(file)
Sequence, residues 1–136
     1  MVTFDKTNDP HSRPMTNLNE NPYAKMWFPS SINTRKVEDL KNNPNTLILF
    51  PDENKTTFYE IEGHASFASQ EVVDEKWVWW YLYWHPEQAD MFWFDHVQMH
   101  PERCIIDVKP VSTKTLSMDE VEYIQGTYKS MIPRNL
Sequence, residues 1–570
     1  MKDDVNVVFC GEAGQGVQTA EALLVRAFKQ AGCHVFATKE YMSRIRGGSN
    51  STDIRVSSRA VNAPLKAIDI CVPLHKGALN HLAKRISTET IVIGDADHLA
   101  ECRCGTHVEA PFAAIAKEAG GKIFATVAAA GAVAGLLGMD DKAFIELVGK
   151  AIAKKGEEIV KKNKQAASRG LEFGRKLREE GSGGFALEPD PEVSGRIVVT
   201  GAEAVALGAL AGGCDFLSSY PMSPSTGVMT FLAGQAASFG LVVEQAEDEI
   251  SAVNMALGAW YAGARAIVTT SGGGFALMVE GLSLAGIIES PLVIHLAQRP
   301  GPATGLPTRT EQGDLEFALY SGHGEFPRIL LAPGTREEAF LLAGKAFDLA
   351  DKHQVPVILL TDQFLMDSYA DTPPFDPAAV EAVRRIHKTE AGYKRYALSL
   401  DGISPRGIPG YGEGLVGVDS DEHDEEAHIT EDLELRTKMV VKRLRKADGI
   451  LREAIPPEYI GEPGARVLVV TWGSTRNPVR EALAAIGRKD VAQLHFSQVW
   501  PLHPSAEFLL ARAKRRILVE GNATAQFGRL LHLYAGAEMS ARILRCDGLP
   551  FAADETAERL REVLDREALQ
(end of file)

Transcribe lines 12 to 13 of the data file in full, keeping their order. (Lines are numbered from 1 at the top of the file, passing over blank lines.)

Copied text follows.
   301  GPATGLPTRT EQGDLEFALY SGHGEFPRIL LAPGTREEAF LLAGKAFDLA
   351  DKHQVPVILL TDQFLMDSYA DTPPFDPAAV EAVRRIHKTE AGYKRYALSL